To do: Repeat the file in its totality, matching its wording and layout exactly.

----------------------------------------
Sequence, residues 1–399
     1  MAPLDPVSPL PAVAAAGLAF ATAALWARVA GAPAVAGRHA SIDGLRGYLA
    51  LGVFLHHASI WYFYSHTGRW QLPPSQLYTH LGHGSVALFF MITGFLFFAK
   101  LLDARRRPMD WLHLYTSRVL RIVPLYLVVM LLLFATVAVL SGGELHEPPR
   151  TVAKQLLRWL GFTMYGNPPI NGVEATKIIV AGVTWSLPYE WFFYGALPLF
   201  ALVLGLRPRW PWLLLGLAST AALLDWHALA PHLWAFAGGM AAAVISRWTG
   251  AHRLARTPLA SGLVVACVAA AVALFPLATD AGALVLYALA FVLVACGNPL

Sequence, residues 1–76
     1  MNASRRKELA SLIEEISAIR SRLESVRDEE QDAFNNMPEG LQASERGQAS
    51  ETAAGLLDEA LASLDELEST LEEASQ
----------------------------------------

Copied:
Sequence, residues 1–399
     1  MAPLDPVSPL PAVAAAGLAF ATAALWARVA GAPAVAGRHA SIDGLRGYLA
    51  LGVFLHHASI WYFYSHTGRW QLPPSQLYTH LGHGSVALFF MITGFLFFAK
   101  LLDARRRPMD WLHLYTSRVL RIVPLYLVVM LLLFATVAVL SGGELHEPPR
   151  TVAKQLLRWL GFTMYGNPPI NGVEATKIIV AGVTWSLPYE WFFYGALPLF
   201  ALVLGLRPRW PWLLLGLAST AALLDWHALA PHLWAFAGGM AAAVISRWTG
   251  AHRLARTPLA SGLVVACVAA AVALFPLATD AGALVLYALA FVLVACGNPL

Sequence, residues 1–76
     1  MNASRRKELA SLIEEISAIR SRLESVRDEE QDAFNNMPEG LQASERGQAS
    51  ETAAGLLDEA LASLDELEST LEEASQ